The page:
The MTA has abandoned its plan to take away free MetroCards from nearly 600,000 students, perhaps the most contentious part of the agency’s cutbacks because of its dire financial plight.
The state Legislature approved a state contribution of $25 million to save the student MetroCards, the city $45 million and the Metropolitan Transportation Authority $144 million.
“While we had hoped that the state and city would pay the total cost of this program, we recognize the very difficult financial environment for not only the state and city, but for the hundreds of thousands of families in New York City who frankly could not afford to pay the added cost of transit fares for school transportation,” the MTA said.
“The MTA believes that schoolchildren should not have to pay to travel to school, but that funding this transportation is the responsibility of the state and city as it is throughout the state,” the MTA said.
The agency said it had been working with the governor, Mayor Michael Bloomberg and legislative leaders to save the free passes in recent months. The city kept its contribution at $45 million, Gov. David Paterson and the Legislature restored $25 million as the state’s part of the deal..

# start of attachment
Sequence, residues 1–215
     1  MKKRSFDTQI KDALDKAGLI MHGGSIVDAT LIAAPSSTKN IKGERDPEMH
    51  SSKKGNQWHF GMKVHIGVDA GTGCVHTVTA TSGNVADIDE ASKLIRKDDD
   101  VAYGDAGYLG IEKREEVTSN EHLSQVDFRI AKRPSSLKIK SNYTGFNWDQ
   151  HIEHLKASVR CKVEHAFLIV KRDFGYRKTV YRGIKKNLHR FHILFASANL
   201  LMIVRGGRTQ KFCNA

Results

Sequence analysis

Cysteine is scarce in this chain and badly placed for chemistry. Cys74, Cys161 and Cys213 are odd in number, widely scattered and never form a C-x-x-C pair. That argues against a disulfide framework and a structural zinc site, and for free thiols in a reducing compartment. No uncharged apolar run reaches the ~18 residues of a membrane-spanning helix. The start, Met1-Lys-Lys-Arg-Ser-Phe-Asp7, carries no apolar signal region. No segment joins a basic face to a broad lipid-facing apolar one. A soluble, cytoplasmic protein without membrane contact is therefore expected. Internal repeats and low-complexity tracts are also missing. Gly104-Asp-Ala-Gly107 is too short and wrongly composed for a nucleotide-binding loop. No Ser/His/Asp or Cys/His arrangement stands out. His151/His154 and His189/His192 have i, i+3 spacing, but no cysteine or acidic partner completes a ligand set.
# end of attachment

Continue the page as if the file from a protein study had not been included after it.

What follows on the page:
“We heard loud and clear at our public hearings, in meetings with student leaders and in protests around the city that charging students would have a life-changing impact on the ability of New Yorkers to receive a quality education, the MTA said.
The transportation agency said that although it believes it did the right thing by abandoning the MetroCard proposal, “the budget deficit we are facing will increase but the alternative is worse.”
State Senate President Pro Tem Malcolm Smith (D-Jamaica) said, “I have consistently assured the public that students would maintain their free MetroCards and I am pleased that the Senate Democratic majority was able to make good on that promise.”
City Councilman Eric Ulrich (R-Ozone Park) said “this represents not only a victory for my constituents but for families of the more than 500,000 city schoolchildren who rely on free MetroCards to get to and from school each day. It was totally inappropriate to use students as pawns in the budget negotiating process and I am glad to see that the state Legislature and MTA have decided to finally do the right thing.”
Since the MTA proposed taking away student MetroCards last December, expressions of outrage from elected officials, school advocates, those attending public hearings and the general public have gone on almost unabated.
Political sources in Albany said legislative insiders expect the New York City-New York state-MTA arrangement has provided enough money to provide free student MetroCards for no more than a year.
MTA spokesman Aaron Donovan said “we are glad to have reached the point of saving the student MetroCards.”
As to the possible longevity of funding for free MetroCards, Donovan said, “We are not ready to speculate that far ahead.”
Reach contributing writer Philip Newman by e-mail at timesledge
©2010 Community News Group
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